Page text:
None Dare Call It Feudal

October 31, 2013

[O]ur own history is full of “Washingtonian” figures born of great sacrifice, often in times of crisis.

William Henry Harrison, Wyoming Congressman

William Henry Harrison, Wyoming Congressman

On a national scale, we can identify those famous statesmen, generals, soldiers, religious figures, artists, professors, businessmen, and so many others who embodied and distilled those admired and sturdy virtues that built our great nation. We might also observe local figures such as extraordinary city leaders, farmers, merchants, police chiefs, and others who made the great sacrifice of entering into authentic public service, treating their employees like family, or taking upon themselves the problems of others.

Governor Leverett Saltonstall, his wife Alice and daughter Emily, boards plane at East Boston airport. Photo from the Boston Public Library.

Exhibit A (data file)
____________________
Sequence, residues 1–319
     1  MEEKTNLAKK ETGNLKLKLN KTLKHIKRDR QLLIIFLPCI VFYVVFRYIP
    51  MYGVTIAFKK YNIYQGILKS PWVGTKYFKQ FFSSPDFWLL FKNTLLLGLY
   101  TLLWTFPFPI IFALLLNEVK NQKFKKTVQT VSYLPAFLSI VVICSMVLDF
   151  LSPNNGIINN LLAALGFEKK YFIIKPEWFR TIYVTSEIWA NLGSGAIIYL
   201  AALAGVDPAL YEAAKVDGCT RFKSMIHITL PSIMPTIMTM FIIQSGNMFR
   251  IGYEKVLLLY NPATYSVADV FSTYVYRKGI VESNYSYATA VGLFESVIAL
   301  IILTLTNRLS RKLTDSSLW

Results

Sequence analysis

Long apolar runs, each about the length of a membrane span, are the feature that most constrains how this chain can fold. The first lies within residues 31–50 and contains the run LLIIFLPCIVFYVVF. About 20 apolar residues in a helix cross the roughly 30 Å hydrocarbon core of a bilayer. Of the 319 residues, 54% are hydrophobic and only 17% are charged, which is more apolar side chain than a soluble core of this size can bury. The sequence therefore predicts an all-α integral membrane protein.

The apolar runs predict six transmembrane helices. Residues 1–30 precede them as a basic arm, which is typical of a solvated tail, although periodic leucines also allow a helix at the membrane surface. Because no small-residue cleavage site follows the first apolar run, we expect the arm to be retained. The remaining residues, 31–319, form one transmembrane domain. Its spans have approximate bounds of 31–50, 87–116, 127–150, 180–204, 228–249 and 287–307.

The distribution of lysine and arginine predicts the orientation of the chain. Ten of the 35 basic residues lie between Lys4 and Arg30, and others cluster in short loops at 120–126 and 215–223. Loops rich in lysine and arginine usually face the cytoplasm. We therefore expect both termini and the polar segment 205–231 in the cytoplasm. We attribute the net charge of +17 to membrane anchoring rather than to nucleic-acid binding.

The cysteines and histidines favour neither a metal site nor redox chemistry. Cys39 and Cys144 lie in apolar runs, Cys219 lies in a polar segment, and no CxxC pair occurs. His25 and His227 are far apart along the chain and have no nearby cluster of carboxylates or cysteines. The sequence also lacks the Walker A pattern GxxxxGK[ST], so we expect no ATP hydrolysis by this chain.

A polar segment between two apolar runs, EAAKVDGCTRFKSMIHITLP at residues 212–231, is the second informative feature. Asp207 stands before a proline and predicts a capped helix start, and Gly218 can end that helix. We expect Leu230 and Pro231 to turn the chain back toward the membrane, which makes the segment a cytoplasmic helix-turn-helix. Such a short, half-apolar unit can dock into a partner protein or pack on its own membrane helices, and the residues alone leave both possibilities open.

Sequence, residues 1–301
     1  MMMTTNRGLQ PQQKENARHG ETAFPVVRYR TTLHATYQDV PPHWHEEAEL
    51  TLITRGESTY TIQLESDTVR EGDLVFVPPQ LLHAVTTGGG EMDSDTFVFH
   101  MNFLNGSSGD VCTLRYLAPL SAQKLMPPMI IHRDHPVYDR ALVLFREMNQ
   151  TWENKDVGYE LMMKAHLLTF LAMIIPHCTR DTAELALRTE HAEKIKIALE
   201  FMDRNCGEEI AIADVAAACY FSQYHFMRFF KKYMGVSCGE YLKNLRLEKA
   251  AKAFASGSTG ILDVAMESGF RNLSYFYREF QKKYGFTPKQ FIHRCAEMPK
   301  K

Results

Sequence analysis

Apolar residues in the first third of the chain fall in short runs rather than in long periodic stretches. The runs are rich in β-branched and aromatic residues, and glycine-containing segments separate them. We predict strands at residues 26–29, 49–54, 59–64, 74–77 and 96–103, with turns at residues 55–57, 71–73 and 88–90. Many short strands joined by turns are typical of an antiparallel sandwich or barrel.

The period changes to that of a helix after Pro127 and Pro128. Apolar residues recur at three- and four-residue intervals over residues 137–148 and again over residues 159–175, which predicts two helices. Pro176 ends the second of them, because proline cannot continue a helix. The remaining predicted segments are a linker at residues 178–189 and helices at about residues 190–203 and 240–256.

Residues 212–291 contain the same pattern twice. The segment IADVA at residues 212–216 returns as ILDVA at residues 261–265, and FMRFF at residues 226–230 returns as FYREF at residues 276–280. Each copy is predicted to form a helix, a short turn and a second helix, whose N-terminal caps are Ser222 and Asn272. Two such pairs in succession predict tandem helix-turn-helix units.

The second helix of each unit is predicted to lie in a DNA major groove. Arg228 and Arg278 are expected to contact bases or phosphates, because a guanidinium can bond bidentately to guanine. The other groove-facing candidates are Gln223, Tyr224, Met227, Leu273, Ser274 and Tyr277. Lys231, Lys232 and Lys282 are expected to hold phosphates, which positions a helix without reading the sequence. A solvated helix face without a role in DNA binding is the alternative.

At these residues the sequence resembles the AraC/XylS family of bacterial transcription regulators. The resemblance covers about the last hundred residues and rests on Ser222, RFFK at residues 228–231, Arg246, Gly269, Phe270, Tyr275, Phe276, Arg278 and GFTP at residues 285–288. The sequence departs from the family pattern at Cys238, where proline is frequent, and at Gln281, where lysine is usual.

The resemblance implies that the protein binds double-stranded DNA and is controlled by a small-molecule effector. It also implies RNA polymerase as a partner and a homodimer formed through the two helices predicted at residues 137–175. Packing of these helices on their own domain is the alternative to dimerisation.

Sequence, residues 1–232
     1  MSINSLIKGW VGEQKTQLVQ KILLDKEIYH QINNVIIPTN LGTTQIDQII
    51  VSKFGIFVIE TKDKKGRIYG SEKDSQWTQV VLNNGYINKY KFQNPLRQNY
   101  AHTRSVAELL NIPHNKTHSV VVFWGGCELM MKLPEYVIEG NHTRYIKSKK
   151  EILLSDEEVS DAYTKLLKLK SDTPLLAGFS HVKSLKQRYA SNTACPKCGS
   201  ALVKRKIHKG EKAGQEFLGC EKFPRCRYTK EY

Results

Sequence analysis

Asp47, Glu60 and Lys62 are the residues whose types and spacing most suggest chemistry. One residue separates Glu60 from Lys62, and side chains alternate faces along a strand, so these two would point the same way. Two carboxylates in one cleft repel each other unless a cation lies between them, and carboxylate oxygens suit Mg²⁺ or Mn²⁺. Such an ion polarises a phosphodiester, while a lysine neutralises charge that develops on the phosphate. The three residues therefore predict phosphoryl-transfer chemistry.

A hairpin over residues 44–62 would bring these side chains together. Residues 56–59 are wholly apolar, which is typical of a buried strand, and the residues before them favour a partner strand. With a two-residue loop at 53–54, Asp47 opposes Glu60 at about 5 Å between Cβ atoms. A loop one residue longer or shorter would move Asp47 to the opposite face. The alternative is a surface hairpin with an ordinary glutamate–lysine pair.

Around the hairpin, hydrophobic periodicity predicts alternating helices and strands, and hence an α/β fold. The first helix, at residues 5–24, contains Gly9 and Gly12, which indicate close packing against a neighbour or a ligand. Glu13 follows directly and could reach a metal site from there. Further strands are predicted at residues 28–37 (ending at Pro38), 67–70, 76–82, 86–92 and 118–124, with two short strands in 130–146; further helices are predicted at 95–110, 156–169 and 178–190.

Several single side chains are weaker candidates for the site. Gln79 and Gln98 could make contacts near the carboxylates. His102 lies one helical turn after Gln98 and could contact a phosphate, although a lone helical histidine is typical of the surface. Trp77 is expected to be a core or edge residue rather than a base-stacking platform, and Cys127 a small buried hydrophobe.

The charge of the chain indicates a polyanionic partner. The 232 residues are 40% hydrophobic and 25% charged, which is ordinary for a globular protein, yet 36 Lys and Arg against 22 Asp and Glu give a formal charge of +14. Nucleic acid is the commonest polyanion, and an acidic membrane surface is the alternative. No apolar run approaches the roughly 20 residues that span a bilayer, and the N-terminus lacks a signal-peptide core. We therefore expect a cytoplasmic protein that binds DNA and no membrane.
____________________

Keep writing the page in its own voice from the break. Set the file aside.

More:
Governor Leverett Saltonstall, his wife Alice and daughter Emily, boards plane at East Boston airport. Photo from the Boston Public Library.

And why not affirm it? We see not only individuals but families that, over the course of generations, have contributed much to the glory of our nation and its communities and formed what none dare call a framework of traditional elites that is vaguely feudal.(*) Even today some of their family names ring out in positions of leadership and trust.

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(*)It is what has been called the American paradox of an aristocratic nation inside a democratic State. See Plinio Corrêa de Oliveira, Nobility and Analogous Traditional Elites in the Allocutions of Pius XII: A Theme Illuminating American Social History (York, Penn.: The American Society for the Defense of Tradition, Family, and Property, 1993).

 

John Horvat II, Return to Order: From a Frenzied Economy to an Organic Christian Society—Where We’ve Been, How We Got Here, and Where We Need To Go (York, Penn.: York Press, 2013), 200-1.

 

 

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